Monday, June 22, 2015

The Inquisition: 055.sleepmakeswaves (answered by Tim Adderley)

1. How did you come up with the name of the band? 

A friend of ours, Dom Alessio, came up with the name and let us use it.

2. Do you have a standard procedure of creating a song? Do you just jam around or is there a main riff and the track is build up on it? 

We mostly write individually to begin with and build from there collectively. Sometimes someone will write a completely finished song and sometimes just a couple of riffs. We record demos at home and swap them between us until songs are completed and everyone’s satisfied we have something we all like. Then we take it into rehearsals and play it live. At this stage, the song is usually 95% complete. We rarely jam around and have found recording the songs first works best for us. It gives you a lot of perspective this way as you can step back and listen to the song rather than focusing on playing parts and we’re getting better at knowing what will work for us live just from the early demo process before we even play a note together. This approach may change, but that’s how we wrote ‘Love of Cartography.’

3. What are your influences and what kind of music do you hear when you are at home? 

I’m influenced by all styles of music and probably draw most inspiration from listening to different radio stations in my car, at work and what other people are listening to, both new and old, pop or alternative. Also the bands we play with often inspire me a lot. I actually don’t regularly listen to much music when at home by myself anymore and find when I do, it’s usually very different to the kind of stuff we play. We’re often so focused on the band, it’s nice to have a break from music when we’re not busy. I’ve been getting into a lot of 80s or 80s inspired sounding music lately. That’s the decade that I started paying attention to popular music when I was very young and I seem to be getting drawn back to it.

4. Which is the one album you can’t live without? 

That’s a hard question. Let’s say The Beatles - Sgt. Pepper’s or the 1962 – 1966 compilation.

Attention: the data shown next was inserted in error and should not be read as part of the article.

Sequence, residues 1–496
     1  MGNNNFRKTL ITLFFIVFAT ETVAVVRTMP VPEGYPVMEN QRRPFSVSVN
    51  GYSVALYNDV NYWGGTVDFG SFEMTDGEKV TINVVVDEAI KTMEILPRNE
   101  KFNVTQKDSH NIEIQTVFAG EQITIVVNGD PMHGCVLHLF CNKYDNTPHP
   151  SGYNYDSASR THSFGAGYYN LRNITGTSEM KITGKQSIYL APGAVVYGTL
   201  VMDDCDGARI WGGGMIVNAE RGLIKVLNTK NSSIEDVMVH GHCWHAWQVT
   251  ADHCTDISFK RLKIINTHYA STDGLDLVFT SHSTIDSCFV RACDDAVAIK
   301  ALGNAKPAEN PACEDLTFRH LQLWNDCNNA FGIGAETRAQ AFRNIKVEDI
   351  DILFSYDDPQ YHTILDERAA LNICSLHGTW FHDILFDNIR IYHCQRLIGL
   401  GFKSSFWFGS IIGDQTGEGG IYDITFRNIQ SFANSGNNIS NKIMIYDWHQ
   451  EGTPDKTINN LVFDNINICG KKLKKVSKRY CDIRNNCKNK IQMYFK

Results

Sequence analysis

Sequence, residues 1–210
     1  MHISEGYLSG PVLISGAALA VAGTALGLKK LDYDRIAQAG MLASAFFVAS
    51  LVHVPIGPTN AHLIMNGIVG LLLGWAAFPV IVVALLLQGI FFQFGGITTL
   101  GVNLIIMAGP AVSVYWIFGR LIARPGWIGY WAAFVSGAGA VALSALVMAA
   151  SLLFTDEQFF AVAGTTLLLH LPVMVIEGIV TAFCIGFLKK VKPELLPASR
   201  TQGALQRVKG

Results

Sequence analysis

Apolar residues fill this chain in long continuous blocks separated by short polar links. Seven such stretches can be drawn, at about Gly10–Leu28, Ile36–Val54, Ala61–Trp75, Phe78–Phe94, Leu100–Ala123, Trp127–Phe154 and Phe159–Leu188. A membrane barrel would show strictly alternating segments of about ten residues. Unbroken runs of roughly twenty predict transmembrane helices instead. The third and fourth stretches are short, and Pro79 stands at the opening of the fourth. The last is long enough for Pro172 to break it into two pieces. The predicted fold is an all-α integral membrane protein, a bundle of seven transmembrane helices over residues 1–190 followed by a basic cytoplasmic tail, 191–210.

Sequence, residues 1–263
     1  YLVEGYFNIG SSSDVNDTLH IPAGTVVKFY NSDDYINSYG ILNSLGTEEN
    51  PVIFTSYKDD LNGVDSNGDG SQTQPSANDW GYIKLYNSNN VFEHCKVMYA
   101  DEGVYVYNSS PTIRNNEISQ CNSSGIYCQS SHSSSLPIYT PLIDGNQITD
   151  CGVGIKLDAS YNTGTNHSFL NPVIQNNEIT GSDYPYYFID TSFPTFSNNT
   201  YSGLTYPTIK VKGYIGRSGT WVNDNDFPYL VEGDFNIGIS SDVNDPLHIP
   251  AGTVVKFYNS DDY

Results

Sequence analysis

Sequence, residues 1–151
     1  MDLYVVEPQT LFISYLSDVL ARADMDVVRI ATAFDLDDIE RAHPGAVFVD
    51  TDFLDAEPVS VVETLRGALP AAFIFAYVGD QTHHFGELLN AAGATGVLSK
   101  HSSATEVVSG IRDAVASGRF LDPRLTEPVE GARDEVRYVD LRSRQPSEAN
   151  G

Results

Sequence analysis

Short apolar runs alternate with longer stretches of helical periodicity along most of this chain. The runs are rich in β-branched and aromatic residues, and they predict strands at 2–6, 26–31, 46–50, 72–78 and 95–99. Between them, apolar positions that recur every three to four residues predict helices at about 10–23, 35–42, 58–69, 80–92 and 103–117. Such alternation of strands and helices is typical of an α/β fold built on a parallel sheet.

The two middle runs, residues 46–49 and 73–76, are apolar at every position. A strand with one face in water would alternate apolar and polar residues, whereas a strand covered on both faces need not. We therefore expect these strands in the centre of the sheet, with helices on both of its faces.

5. What’s the first record you've ever bought? 

Nirvana, ‘Nevermind.’

6. Name a band that you would like to share the stage or tour with? 

Karnivool. Again.

7. Did the internet and specially the blogs helped to spread your music around the world? Name a place (country) that you were surprised to know your music has reached to? 

It did. Before I joined the band, sleepmakeswaves had reached a lot of people online. Any music is easy to find online if you really want it though, so I’m not that surprised by how far it can reach. We are however very humbled and grateful that people around the world enjoy what we do and it’s still surprising to tour overseas and find an audience waiting to see us play.

8. Do you support the idea of bandcamp where fans can decide the price or services like Spotify? 

I support these services/ideas if a fair price is paid to the bands or artists so they can be reimbursed for the cost of that record and can continue to make albums for everyone to enjoy.

9. Where do you see yourselves in 5 years? 

Hopefully with another 2 or 3 albums recorded and still enjoying what we do.

10. Is the artwork of an album important nowadays in the digital era? 

I don’t think a record is complete until you have a cover or some artwork, digital or printed. I think it makes the experience better in some way and helps to visually tie all the songs together in one work. Personally, I find it gives the recording closure once it’s completed. At the very least, the cover is still important (even on a computer screen) and can be as memorable as the music itself.

11. What is you favorite album cover? 

I’ve never really had a favourite. The latest Queens of the Stone Age album ‘Like Clockwork’, is one of the nicest vinyl covers I’ve seen and owned.

12. It seems that a lot of people are turning on vinyl again. Why do you think that is and which is your preferable media format? 

It’s more fun and collectable? Maybe people are just bored of easily downloading everything at the click of a button. I personally love vinyl. I grew up listening to my parent’s records, so it’s probably a nostalgic thing for me but I also enjoy the hands-on process of playing it and the bigger cover looks so cool. Digital music is so lazy, but it doesn’t take up any physical space, which is great. I stick to buying downloads and vinyl these days. Digital is great for day-to-day listening, but I love the ritual and interaction of playing vinyl. It feels like a more respectful way to listen to the music. Both have their place for me.

13. What's the most vivid story or moment as a band? 

We’re lucky to have had so many great experiences in this band. It’s impossible to single out just one above the rest. Touring Europe and the UK in 2013 with 65daysofstatic is one moment we’ll never forget. It was a crazy, fun time.

More info:
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